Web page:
Sexual orientation concerns who someone is attracted to, often compared with their own gender, for example, a woman attracted to other women may identify as lesbian, gay or homosexual. Other sexual orientations include heterosexual, bisexual, pansexual, asexual, sapiosexual and and demisexual. Sexual orientation can (and often does!) fluctuate and evolve over time.
Therefore, sexual orientation and gender identity are two distinct, but related, concepts. Sexual orientation refers to who you’re attracted to or feel drawn to romantically, emotionally, and/or sexually. On the other hand, gender identity is about who you are (i.e. male, female, transgender, genderqueer, etc.)
What Does Asexual or “Ace” Mean?
Some define an asexual individual as someone who doesn’t experience any sexual attraction for anyone. However, it’s not really that simple. Like other gender identities and sexual orientations, asexuality is a spectrum.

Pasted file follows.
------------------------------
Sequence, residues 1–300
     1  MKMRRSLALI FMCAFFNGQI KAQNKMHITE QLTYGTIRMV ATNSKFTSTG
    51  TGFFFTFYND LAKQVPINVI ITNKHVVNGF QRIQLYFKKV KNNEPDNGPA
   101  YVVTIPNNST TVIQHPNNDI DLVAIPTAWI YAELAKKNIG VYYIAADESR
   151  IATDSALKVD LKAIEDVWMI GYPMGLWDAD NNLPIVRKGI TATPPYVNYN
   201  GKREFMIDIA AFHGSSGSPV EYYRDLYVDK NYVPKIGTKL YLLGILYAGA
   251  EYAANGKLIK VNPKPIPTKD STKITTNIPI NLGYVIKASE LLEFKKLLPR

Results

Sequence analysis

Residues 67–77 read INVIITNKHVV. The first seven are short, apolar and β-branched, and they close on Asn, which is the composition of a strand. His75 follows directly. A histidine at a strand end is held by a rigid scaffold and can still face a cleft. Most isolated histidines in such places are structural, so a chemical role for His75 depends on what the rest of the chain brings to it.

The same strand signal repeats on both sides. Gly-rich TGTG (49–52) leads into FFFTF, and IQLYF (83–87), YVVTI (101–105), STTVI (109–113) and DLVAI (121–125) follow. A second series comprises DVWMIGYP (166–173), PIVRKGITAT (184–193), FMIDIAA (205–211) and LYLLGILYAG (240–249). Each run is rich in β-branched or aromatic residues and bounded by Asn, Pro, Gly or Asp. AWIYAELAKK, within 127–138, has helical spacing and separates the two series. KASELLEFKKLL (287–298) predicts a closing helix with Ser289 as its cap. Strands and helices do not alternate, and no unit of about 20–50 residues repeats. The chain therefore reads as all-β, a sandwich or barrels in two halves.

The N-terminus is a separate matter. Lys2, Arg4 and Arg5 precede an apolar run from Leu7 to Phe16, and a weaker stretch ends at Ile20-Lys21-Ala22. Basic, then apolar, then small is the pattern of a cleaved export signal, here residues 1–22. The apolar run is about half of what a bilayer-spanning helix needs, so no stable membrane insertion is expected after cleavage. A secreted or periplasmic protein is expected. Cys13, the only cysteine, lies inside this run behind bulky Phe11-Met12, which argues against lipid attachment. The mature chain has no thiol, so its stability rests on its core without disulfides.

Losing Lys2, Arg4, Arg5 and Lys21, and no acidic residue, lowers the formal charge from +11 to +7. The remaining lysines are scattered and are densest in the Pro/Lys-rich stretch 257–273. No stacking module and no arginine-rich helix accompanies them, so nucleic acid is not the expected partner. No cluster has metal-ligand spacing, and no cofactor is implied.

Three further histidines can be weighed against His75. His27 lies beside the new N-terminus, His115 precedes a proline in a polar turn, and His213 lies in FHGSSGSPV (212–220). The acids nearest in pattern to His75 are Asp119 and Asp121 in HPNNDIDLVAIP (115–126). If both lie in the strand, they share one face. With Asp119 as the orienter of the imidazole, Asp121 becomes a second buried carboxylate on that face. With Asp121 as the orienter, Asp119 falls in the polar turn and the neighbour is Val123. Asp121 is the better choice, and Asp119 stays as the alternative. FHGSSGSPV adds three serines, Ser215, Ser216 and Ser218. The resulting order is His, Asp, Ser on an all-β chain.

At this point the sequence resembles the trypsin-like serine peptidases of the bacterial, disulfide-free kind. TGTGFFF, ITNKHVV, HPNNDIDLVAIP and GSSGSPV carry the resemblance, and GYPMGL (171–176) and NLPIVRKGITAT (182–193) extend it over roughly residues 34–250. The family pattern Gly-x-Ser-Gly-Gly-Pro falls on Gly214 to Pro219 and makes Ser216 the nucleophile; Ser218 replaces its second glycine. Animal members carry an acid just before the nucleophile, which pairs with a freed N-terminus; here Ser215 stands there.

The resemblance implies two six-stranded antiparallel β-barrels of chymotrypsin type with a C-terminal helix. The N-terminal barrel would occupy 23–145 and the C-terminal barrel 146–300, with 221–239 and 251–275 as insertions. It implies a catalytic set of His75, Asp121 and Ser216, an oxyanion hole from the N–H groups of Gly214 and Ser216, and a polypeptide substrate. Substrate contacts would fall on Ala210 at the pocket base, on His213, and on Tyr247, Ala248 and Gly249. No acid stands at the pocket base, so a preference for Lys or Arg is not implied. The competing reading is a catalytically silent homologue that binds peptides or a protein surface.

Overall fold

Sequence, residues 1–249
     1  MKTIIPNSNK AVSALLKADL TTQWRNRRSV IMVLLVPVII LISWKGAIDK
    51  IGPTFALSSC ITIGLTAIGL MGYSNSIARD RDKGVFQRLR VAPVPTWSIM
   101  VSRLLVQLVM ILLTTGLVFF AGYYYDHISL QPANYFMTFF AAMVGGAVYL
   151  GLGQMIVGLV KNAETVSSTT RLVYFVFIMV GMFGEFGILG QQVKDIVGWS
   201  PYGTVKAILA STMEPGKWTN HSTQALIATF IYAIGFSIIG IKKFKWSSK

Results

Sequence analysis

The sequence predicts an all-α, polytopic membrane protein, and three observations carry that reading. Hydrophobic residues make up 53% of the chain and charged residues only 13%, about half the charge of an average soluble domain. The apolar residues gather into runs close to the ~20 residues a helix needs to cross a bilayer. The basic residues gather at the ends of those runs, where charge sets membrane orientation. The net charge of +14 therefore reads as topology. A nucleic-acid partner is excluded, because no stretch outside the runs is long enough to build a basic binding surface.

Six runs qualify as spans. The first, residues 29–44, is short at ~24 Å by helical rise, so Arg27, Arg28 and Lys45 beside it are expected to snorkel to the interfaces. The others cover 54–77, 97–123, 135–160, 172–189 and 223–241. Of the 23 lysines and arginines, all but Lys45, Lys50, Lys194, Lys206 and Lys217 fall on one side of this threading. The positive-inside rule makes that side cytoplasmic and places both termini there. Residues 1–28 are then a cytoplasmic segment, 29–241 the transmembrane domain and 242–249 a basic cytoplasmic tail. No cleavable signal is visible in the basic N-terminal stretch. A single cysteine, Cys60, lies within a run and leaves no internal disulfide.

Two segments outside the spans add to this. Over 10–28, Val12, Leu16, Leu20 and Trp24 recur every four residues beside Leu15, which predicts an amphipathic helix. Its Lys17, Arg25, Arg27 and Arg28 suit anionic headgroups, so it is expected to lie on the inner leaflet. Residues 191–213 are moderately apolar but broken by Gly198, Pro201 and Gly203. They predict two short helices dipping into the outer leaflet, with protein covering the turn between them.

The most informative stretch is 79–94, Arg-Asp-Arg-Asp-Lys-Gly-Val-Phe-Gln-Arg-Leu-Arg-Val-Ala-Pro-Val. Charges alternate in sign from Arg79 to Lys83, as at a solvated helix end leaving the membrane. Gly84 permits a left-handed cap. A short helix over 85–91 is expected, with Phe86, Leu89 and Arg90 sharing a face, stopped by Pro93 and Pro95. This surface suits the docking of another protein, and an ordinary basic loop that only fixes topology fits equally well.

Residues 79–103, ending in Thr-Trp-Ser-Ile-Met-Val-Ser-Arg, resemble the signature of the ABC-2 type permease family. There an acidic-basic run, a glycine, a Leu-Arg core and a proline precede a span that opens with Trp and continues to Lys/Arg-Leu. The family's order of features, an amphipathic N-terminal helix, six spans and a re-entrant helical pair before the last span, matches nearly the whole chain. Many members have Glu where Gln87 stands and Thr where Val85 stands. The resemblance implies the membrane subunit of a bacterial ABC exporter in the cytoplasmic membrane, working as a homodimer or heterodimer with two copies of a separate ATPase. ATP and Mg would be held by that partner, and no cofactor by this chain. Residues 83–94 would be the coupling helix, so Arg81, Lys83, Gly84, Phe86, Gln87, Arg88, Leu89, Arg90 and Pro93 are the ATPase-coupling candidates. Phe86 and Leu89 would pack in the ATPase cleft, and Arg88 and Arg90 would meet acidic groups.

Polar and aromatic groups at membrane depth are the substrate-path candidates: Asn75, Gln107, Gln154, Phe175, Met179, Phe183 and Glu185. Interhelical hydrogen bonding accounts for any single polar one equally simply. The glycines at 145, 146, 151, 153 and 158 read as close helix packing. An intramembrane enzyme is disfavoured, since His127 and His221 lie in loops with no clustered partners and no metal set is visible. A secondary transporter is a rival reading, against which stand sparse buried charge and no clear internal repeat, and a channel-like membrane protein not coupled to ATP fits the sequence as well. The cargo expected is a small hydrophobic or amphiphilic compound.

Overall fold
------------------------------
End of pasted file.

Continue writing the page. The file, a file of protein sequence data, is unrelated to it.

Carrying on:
So, while some asexual people have little interest in having sex, they might experience romantic attraction. However, others may not. People who identify as asexual might be attracted to people of the same sex or gender as themselves or to other sexes or genders.
There are other identities that fall into the asexual or aromantic spectrum, which include:
- Aromantic: Describes people who don’t experience romantic attraction.
- Demisexual: Describes people who only feel sexually attracted to someone only after developing a close emotional bond with that person.